Putting technology that prevents drunk drivers from starting a vehicle into every car and truck in the U.S. could save 59,000 lives and $343 million over 15 years, according to a University of Michigan study. In addition, researchers concluded the country could avoid 85 percent of crash deaths attributable to alcohol-involved motor vehicle crashes during the 15-year implementation period.
U-M’s Injury Center and Transportation Research Institute said in the study, released Thursday, that cost savings from widespread use of ignition interlock technology could outweigh the expense of the devices after three years.
“The sheer numbers of preventable fatalities and serious injuries were surprising,” Patrick Carter, an assistant professor in emergency medicine at U-M Medical School and the lead author of the study, said in a statement. “Our analysis clearly demonstrates the significant public health benefit and societal cost savings” with making the devices standard equipment in all new vehicles.
Current ignition interlock technology prevents a vehicle from being started if a driver’s breath registers a certain amount of alcohol. The devices have been around since the 1960s, and in recent years some states have mandated their use for convicted drunk drivers.
The National Highway Traffic Safety Administration reported that in 2013, the most recent data available, 10,076 people died in crashes related to drunk driving, a 23 percent decline from a decade earlier.
Though the injury prevention benefit was apparent for all ages, drivers who are closes to the legal drinking age would likely be the most significant beneficiaries of alcohol interlocks.
Among drivers age 21 to 29 years, 481,103 deaths and injuries would be prevented, nearly 35 percent of total deaths and injuries for all age groups. Drivers less than 21 years old who engaged in drinking while driving would also benefit substantially, with 194,886 deaths and injuries potentially prevented.
“It is often difficult to penetrate these age groups with effective public health interventions and policies to prevent drinking and driving,” says Carter. “By capitalizing on recent technological advancements that make alcohol-detecting sensors seamless to the driver and applying such technology more broadly to all newly built vehicles, we can actually have a substantial injury prevention impact among traditionally hard-to-reach high-risk populations.”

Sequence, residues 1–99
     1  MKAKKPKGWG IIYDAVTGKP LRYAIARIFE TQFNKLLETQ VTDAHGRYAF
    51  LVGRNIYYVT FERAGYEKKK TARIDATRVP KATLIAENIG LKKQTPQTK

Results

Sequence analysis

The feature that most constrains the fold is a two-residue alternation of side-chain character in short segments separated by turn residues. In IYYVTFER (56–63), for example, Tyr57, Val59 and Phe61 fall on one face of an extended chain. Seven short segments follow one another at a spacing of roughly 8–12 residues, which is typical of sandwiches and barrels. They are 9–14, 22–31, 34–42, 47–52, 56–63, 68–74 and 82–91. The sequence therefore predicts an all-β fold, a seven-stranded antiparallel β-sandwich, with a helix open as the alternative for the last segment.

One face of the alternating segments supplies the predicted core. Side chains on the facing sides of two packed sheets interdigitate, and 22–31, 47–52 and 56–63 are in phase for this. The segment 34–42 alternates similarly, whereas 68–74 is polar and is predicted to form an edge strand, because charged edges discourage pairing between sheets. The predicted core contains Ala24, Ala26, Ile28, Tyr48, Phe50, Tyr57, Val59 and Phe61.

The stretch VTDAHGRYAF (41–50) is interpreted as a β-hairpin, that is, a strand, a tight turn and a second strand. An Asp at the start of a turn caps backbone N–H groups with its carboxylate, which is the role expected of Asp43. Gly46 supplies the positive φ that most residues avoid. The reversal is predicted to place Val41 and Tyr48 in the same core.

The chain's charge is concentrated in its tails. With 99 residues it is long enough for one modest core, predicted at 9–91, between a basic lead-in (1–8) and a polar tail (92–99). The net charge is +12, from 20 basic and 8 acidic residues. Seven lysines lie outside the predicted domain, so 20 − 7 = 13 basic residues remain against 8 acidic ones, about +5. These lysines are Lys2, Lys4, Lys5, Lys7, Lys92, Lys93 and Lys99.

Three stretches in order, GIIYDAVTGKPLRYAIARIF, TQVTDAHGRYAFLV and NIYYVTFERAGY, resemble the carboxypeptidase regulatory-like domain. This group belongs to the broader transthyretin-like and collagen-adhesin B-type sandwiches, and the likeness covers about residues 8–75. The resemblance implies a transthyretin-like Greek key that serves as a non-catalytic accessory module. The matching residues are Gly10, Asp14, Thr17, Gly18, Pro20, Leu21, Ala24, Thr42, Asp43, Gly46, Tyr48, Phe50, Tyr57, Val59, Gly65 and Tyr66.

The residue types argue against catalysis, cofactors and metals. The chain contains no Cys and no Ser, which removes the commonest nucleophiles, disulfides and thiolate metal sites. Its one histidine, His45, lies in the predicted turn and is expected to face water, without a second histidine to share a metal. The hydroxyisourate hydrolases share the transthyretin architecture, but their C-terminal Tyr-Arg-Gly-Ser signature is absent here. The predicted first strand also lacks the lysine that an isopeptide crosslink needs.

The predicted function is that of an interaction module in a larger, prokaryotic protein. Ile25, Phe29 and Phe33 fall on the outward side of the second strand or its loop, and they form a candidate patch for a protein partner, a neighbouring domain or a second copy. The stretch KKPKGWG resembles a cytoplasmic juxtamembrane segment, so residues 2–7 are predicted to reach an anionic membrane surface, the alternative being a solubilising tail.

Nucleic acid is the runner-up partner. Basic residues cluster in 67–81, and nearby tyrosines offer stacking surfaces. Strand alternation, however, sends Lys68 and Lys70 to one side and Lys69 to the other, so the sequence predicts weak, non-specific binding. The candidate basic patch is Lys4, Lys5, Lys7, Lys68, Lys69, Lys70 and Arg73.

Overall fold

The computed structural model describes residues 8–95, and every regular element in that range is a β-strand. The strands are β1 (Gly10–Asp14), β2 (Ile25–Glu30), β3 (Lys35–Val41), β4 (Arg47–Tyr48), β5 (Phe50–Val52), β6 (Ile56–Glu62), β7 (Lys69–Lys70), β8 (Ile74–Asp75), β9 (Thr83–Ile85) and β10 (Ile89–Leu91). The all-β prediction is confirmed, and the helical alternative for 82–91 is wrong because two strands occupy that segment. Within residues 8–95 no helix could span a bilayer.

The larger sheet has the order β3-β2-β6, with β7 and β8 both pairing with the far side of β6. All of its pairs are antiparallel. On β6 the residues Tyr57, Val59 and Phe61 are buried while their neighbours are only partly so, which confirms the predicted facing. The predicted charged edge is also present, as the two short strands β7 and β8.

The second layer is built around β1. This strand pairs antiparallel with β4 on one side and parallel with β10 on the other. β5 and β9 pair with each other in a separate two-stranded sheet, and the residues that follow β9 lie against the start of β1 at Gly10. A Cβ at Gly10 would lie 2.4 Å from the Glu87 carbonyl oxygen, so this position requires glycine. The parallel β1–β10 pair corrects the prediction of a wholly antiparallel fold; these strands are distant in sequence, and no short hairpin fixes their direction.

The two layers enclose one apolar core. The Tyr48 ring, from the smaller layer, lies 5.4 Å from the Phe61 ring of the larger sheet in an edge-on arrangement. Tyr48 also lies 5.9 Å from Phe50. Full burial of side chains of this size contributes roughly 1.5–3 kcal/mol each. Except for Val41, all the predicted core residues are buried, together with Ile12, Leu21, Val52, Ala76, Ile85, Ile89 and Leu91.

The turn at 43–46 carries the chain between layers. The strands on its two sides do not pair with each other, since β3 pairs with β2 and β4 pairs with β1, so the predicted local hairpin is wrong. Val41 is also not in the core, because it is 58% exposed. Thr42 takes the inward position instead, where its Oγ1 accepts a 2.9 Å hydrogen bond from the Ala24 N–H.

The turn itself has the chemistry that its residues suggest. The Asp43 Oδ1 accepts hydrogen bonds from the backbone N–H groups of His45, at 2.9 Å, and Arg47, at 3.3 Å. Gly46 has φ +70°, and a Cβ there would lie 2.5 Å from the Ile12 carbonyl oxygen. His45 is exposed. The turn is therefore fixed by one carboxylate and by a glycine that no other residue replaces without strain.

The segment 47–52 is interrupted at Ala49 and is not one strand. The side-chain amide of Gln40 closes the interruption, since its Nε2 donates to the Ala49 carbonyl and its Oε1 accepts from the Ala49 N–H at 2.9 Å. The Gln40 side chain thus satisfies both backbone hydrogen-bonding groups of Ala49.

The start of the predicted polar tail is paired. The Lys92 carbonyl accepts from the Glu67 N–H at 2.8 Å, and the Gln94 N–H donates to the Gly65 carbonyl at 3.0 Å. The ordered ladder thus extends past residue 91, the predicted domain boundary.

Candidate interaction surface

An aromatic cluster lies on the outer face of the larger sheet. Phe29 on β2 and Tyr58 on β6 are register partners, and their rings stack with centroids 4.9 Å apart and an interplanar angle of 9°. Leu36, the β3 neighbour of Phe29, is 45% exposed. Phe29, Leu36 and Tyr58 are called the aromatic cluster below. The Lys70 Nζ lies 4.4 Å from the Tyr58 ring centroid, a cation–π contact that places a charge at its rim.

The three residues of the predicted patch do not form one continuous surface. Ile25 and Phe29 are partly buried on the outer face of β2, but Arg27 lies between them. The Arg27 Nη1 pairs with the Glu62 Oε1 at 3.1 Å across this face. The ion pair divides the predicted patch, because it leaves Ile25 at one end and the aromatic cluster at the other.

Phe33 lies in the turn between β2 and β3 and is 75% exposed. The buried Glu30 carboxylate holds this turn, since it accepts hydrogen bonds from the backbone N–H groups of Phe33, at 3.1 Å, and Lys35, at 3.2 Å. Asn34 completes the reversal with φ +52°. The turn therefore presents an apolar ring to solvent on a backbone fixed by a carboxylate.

The estimated injury prevention impact was derived first by modeling the proportion of the alcohol-related crashes that are preventable for all vehicles less than one year old and then repeating the analysis for each year of a projected 15-year timeframe. Cost saving were determined by applying existing crash-induced injury cost metrics.
The U.S. agency and the Automotive Coalition for Traffic Safety, a group that includes all major automakers, in 2008 formed the Driver Alcohol Detection System for Safety to develop “a first-of-its-kind technology” to detect and prevent intoxicated drivers.
The technology would be a “seamless” part of the driver experience, using biometric readings via fingerprint or infrared breath analysis.
“The goal is to develop a system that can accurately and reliably detect when a driver is above the legal alcohol limit and that could be offered as original equipment in new cars on a voluntary, market-driven basis,” Gordon Trowbridge, a NHTSA spokesman, said in a statement.
“It’s too early to predict” when the joint effort’s technology will be available, he said. The research phase is expected to continue through 2018.
The current devices are available only as after-market equipment.
“Automakers will have to be convinced, and make sure that the costs of the technology are something that consumers are willing to pay for and they want,” said Adrian Lund, president of the Insurance Institute of Highway Safety.